Slovenia and Austria. Imports from developed countries led by Italy
and Germany accounted for one-third of total imports. Major European
retail chains, such as Metro, Mercatone, Billa and Mercator are
located in various cities, though predominantly in Zagreb.
Croatia’s GDP has grown continuously since 2000 with GDP per
capita in 2003 exceeding $5,500. The average wage at the end of
September 2003 was about $650 a month. An austerity program
introduced in 1993 curbed inflation, which was running at 38% a
month. It has remained stable since and as of November 2003
inflation in Croatia was 1.5%. Prices remained relatively stable and
are comparable with costs in large, urban U.S. areas. The IMF
estimates GDP rose by 5% in 2003. In 2002, industry accounted for
19.8% of GDP, public sector services 17.5%, agriculture 6.8%, trade
10%, transportation 9.6%, construction 4.5% and tourism 3% (this
last figure only encompasses narrowly defined "hotels and
restaurants" and does not capture the true importance of tourism in
the Croatian economy). ILO unemployment in the first six months of
2003 was 14.1% down from a high in 1997 of 16.6%.
Among large state enterprises, which are privatized individually
under separate laws, most of the banks and Croatian Telekom have
been sold. Around a dozen other large industrial firms remain in
government hands, as well as hundreds of smaller, usually debt-laden
firms, often in agriculture and tourism. MOL of Hungary acquired 25
percent plus one share of the state oil company (INA) in July 2003.
In February 2003, the IMF approved a second Stand-By Arrangement
for about $146 million to support the country’s economic and
financial program through April 2004. Even though the Arrangement is
only "precautionary", the SBA is important, since it underscores
international support for the government's economic policies and
boosts the country's international credit rating.
U.S. policy supports strengthening bilateral economic ties,
particularly business relations. Investments by American citizens
are in addition covered by the U.S.-Croatian Bilateral Investment
Treaty, which entered into force in June 2001. Croatia is a member
of the International Monetary Fund, IBRD, EBRD as well as CEFTA and
WTO. Over the period 1993 - 2003 the U.S. was the third largest
investor in Croatia, following Austria and Germany. Some of the main
U.S. exports to Croatia include computer technology and
pharmaceuticals. While much progress has been made, U.S. and other
investors find that red tape and government inefficiency hamper
investment, as does a slow and non-transparent judiciary. On
Transparency International's Corruption Index, Croatia ranked 59th
out of 133 countries (with 133 as the worst ranking).
Automobiles Last Updated: 3/2/2004 3:36 AM
Vehicles Personnel assigned to Croatia usually bring cars from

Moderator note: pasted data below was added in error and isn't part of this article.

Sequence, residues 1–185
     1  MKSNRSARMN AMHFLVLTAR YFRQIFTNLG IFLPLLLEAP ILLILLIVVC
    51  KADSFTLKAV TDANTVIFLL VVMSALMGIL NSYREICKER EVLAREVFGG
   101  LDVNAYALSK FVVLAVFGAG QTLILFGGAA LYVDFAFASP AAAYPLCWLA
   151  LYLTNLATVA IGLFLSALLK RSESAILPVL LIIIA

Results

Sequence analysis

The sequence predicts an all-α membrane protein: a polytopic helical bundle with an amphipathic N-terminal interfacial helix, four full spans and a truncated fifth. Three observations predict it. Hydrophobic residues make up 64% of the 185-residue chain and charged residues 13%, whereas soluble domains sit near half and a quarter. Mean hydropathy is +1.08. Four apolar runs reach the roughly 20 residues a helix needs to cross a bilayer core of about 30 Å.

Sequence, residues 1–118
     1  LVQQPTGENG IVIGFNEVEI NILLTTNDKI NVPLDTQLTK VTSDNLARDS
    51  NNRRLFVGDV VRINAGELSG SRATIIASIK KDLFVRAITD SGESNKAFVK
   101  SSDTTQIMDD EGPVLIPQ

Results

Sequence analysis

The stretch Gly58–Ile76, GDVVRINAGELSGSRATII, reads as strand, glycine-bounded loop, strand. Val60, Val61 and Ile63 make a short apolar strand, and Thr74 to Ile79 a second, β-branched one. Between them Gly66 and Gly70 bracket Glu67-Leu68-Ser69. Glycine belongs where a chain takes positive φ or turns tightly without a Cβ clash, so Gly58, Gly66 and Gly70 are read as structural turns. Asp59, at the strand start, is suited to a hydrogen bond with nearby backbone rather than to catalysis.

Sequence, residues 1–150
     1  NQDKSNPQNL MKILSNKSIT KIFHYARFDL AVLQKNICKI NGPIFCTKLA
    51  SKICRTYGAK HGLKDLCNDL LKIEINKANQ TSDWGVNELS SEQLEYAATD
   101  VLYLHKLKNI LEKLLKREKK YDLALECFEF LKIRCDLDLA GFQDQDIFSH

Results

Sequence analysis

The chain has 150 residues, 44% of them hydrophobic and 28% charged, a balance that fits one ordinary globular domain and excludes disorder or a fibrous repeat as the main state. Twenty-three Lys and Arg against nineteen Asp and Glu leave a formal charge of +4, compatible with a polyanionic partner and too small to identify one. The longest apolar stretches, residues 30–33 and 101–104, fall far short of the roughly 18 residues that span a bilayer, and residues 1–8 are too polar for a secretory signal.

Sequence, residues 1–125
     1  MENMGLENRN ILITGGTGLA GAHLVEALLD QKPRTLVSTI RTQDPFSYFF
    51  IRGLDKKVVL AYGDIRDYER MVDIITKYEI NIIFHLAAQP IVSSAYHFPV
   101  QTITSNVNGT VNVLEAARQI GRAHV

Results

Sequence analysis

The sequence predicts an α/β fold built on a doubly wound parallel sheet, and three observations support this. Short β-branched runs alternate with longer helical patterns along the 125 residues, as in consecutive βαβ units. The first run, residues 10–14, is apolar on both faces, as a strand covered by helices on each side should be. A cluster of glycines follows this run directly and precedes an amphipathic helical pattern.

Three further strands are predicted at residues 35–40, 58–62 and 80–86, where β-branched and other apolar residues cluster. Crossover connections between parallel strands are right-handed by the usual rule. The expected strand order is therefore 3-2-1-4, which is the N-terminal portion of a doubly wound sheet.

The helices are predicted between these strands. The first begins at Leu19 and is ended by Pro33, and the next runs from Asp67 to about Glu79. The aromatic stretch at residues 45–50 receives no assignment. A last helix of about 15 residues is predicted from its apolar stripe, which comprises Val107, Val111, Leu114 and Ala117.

the U.S. or from neighboring countries. Most people ship a vehicle,
although it is possible to obtain used cars from people departing
post or through the many auto dealers in Zagreb, as well as from the
Aviano/Vicenza (Italy) military bases (a 4–5 hour drive from
Zagreb). Among American manufacturers, General Motors,
Harley-Davidson, Ford and Chrysler have authorized dealers and
services in Zagreb. European, Korean and Japanese cars are much more
popular in Croatia, and Zagreb has dealers representing Škoda,
Citroën, BMW, Audi, Mercedes, Lada, Renault, Fiat, Opel, Mazda,
Hyundai, Honda, Volkswagen, Volvo and Lancia, among others. The
Aviano/Vicenza military bases have excellent AAFES dealer service on
most U.S. and European cars.
Fuel Croatia has both gasoline and diesel fuel available.
Unleaded gas is readily available, making it unnecessary to remove
your catalytic converter. Unleaded gasoline sells for an average USD
1.10/liter (about USD 4.00/gallon) as of February 2004. The Embassy
has made arrangements with the large chain of INA gasoline stations
in Croatia to receive VAT and local taxes back on all gasoline
purchases from their outlets, making the final price some 25% lower.
Details on these tax refunds will be provided to new arrivals once
they reach Post.
Spare parts can be difficult to find in Zagreb for American-made
cars. Bring the usual spare parts, to include: oil, air and fuel
filters, fanbelts, hoses, headlights, windshield wiper blades, a
tune-up kit, spark plugs, and a full-sized spare tire. Spare auto
parts are available through online outlets in the U.S. or AAFES in
Aviano/Vicenza. Zagreb auto shops can usually perform service if the
employee supplies the spare parts for American-made cars.
Vehicle Shipment Personnel assigned to Zagreb should take every
precaution to ensure that their car does not arrive in Zagreb before
they do, since Croatian Government regulations require that an
employee be physically in the country in order to process the
customs clearance and importation. In some cases, the car has
arrived prior to the arrival of the employee and could not be
cleared through customs until the employee arrived at post. The car